Economic Boycott in Korea, Can It be Successful?
Economic Boycott in Korea, Can It be Successful?
  • Reporter Kang Min-seok
  • 승인 2016.06.01 12:26
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Recently, Reckitt Benckiser Korea, also known as Oxy, caused controversy because of their highly toxic humidifier disinfectant. Over 1800 victims, including 266 deaths, have been reported, but Oxy maintained an irresponsible attitude. Not only the victims, but the whole Korean society was enraged by Oxy’s attitude. Civic groups started to boycott Oxy’s products and it spreads rapidly to public and retailers.
Like the case of Oxy, customers sometimes deliberately refuse to purchase particular products in order to achieve a certain purpose. This is called boycott. The term is originated from English landlord C.C.Boycott, who tried to banish peasants but failed because of the opposition of peasants. One of the most well-known economic boycotts is the boycott against beef price increase in US in 1973. It eventually succeeded as Richard Nixon decided to freeze the beef price.
In Korea, a boycott against Namyang Dairy Products is one of the most successful examples of boycotts. Namyang was the target of boycott in 2013 because Namyang forced numerous sales agents to buy and sell their products instead of products from other companies. Retailers refused to sell Namyang’s products, and soon the public participated in the boycott. As a result, Namyang’s sales decreased over 10%, and ran a deficit in 2013 for the first time since it has been established. However, Namyang made a turn to profit in third quarter of 2015, competing with Maeil Dairy for the top place in dairy industry. Moreover, Fair Trade Commission decided to lower the penalty fined on Namyang from 12.4 billion to 0.5 billion won. Eventually, the boycott against Namyang Dairy Products concluded only partially successful.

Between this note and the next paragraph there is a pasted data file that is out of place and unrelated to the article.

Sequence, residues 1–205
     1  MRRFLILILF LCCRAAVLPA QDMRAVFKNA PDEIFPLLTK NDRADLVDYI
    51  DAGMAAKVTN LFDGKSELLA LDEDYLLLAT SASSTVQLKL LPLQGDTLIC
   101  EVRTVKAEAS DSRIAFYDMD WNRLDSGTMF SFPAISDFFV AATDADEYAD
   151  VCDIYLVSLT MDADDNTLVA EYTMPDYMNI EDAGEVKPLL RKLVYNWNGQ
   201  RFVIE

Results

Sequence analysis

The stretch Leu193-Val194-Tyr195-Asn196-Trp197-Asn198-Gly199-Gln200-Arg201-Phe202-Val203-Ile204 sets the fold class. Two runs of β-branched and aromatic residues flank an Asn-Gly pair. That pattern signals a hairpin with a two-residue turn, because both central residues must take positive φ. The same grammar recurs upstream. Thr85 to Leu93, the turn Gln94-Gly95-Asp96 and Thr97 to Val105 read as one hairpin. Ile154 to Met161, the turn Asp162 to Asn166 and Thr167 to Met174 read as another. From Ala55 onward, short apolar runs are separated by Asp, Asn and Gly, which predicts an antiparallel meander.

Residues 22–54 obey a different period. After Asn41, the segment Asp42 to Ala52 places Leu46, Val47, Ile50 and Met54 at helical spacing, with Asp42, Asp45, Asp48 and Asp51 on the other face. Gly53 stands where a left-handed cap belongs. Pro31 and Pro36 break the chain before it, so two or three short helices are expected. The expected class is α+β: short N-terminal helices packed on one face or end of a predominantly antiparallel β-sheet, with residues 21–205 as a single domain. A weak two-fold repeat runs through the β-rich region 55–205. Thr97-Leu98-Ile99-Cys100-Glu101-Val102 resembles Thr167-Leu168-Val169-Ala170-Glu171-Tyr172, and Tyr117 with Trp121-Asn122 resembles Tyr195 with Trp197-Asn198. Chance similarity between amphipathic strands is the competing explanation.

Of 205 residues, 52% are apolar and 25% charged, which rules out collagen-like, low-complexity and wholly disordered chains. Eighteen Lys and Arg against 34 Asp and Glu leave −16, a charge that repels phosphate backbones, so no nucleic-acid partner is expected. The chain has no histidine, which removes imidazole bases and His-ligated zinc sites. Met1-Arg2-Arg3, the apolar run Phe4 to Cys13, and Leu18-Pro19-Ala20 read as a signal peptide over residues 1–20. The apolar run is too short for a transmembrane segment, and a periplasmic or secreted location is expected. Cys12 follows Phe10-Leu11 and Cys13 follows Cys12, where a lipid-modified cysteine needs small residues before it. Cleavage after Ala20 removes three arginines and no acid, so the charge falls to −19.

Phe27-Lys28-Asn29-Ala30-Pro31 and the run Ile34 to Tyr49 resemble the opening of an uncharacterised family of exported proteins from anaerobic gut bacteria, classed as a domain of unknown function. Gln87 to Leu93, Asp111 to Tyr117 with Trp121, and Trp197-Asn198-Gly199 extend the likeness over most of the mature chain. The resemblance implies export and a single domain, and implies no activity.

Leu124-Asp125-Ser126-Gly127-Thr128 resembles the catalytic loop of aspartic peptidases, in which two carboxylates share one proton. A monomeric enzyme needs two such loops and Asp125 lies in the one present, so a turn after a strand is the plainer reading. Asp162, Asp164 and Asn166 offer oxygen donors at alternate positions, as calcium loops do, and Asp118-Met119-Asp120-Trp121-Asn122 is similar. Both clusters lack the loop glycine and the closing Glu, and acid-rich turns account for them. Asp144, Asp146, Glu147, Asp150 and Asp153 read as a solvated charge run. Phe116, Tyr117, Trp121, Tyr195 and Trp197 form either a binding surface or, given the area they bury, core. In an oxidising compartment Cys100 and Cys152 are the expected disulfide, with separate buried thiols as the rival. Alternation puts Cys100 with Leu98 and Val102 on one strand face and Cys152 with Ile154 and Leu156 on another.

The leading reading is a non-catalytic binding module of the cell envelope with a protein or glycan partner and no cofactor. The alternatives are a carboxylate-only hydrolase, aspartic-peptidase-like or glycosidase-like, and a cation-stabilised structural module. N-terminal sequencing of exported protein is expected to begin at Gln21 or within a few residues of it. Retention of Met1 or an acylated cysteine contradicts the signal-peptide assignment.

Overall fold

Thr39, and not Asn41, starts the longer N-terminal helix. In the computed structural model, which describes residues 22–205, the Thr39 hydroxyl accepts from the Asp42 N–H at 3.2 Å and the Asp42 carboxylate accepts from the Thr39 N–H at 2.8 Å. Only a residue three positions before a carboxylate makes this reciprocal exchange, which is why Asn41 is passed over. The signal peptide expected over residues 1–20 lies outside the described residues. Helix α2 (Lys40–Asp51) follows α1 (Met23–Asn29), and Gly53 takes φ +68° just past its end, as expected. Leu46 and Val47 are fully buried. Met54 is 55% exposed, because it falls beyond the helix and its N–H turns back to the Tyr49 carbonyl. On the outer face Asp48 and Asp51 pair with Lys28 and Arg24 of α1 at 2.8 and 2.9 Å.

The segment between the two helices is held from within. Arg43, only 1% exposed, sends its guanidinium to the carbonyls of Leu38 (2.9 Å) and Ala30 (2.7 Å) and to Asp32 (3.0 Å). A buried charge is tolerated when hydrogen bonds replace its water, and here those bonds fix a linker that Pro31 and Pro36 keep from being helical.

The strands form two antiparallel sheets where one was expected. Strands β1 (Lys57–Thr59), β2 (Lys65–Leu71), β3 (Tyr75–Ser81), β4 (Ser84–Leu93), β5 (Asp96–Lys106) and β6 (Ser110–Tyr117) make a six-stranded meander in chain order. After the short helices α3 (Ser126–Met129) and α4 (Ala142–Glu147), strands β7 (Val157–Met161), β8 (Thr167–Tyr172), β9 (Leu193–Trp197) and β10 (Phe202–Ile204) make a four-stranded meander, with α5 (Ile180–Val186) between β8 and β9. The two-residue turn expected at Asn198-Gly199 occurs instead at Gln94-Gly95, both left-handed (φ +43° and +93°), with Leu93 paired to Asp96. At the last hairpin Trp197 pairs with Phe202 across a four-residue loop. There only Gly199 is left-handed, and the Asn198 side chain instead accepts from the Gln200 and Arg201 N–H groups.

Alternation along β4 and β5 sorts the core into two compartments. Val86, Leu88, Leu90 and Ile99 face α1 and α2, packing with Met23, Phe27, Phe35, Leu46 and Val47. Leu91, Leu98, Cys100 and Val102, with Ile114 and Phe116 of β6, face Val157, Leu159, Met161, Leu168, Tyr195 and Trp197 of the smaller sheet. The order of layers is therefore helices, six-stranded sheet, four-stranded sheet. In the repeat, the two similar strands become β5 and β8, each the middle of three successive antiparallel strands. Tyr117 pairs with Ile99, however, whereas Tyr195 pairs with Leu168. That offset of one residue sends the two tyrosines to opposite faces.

The problem is that there were no successful boycotts in Korea that damaged the business severely, or induced a dramatic change of policy. On the other hand, there were numerous boycotts that actually damaged the business in other countries. Yukijirushi Dairy and Enron corporation fell into bankruptcy and Volkswagen suffered a tremendous loss because of a boycott. Apple, Starbucks, and Coca-Cola were forced to change their policy. Civic activists were pointing out a lack of consciousness about corporation social responsibility, CSR, from both corporations and public.
According to the survey conducted by Presidential Committee of National Cohesion in Nov. 2014, 52.8 percent of respondents did not agree that Korean society awards enough for efforts and participation. Also, according to the research on the consumer's consciousness about boycott  by J.H. Park published in 2010 at the Laboratory of Management consultant Kongju University, consumers do not tend to participate in boycotts as boycotting limits range of choice and causes discomfort to customers. From this research, it can be concluded that Korean people tend to think more highly of convenience than social issues and also believe that their action cannot change the society.
Still, civic activists are expecting the boycott against Oxy to be the first successful case of boycotting in Korea. Jiyeon Jeong, the secretary general of the Consumers Union of Korea, said, “In the case of Oxy, retailers and consumers are participating actively unlike before, because of the fatal outcome that Oxy caused.”